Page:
On This Day On This DayRSS FeedFeeds

January 22 down the years

Brief but brutal

Barry Richards' seven-week Test career

Text size: A | A

January |  February |  March |  April |  May |  June |  July |  August |  September |  October |  November |  December

January 23 | January 21

 
 
A too-rare day on the big stage: Barry Richards batting at Lord's for the Rest of the World in 1970
A too-rare day on the big stage: Barry Richards batting at Lord's for the Rest of the World in 1970 © Getty Images
Enlarge

1970
The start of a potentially great Test career... but one that was finished within seven weeks. Barry Richards made his debut in the first Test against Australia in Cape Town, and warmed up with 29 and 32 as an awesome South African side romped home by 170 runs. He would end with a Test average of 72.57 from just four Tests. He wasn't the only debutant to be cut off before he reached his prime: middle-order batsman Lee Irvine, wicketkeeper Dennis Gamsy and left-arm spinner Grahame Chevalier all began similarly brief Test careers in this game.

1987
An Allan Lamb miracle. The Benson & Hedges one-day match in Sydney between England and Australia came down to this: 18 needed off the last over, three wickets left, Bruce Reid bowling to Lamb. Lamb didn't even need all six balls: he carved, chopped and smacked 2, 4, 6, 2 and 4, and England were home with one ball to spare. It was a once-in-a-lifetime-effort... except Lamb did it again, to Courtney Walsh in the World Cup nine months later.

1992
Another miracle, this time care of the Cat. Though England forced New Zealand to follow on, the first Test in Christchurch was going nowhere in the final session (so much so that even Robin Smith got to bowl the only four overs of his Test career). Then Phil Tufnell got to work, and New Zealand collapsed from 182 for 2. As a tense time-runs equation got tighter, Martin Crowe gambled and lost, holing out infamously to Derek Pringle (had it gone for four, the match would have been drawn) to give England victory. Tufnell ended with second-innings figures of 46.1-25-47-7, and this was his zenith - it gave him 23 wickets in three Tests, and each time he had bowled England to victory. A battle-hardened England side didn't get the credit they deserved for this one: it was only New Zealand's second home Test defeat in ten years.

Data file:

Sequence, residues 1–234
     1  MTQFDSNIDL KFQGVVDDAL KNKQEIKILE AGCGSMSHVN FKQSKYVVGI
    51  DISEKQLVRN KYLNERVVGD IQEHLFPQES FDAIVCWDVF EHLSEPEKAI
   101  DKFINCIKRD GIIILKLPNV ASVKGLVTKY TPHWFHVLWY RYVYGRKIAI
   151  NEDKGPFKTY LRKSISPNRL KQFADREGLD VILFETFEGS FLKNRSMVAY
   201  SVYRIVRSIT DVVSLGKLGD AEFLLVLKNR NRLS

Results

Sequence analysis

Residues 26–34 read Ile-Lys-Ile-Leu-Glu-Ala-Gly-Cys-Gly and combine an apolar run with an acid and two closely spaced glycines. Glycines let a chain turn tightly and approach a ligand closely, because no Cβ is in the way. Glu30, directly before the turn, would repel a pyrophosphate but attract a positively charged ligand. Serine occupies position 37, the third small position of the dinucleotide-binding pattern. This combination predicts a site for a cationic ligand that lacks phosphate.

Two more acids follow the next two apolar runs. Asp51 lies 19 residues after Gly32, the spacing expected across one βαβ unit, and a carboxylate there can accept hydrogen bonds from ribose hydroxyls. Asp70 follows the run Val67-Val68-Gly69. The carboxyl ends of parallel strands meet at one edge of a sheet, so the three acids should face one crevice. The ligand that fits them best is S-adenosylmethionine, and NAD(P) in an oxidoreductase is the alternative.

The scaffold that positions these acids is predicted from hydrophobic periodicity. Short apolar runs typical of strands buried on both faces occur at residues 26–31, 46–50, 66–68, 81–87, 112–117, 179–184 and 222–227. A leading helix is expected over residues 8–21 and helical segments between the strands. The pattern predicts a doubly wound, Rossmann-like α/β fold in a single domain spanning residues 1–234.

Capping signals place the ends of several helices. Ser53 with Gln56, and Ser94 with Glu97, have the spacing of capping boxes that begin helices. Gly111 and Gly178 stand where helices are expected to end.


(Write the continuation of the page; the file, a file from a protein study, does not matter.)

1883
The first innings victory in Tests came in the second match of the 1883-84 Ashes. England squared the series at the MCG after offspinner Billy Bates took 14 for 102 (seven in each innings) to bowl Australia out for 114 and 153 in reply to England's 294.

1921
Birth of the man with the highest batting average in Test history. West Indian opener Andy Ganteaume played one Test - against England in Trinidad in 1947-48 - scored 112, and ended 12.06 runs per innings better off than Don Bradman. The reason he didn't play again? West Indies had a formidable batting line-up around this time: it was the era of Walcott, Worrell, Weekes, Sobers, Kanhai, Rae, Stollmeyer and Gomez.

1902
Agonising stuff for that great Australian left-hander Clem Hill, who was dismissed in the nineties for the third consecutive innings, in the third Test against England in Adelaide. Fresh from a 99 in Melbourne and a 98 in the first innnings, he was bowled by Gilbert Jessop for 97. His innings was a match-winner, though: Australia successfully chased 315 to win by four wickets.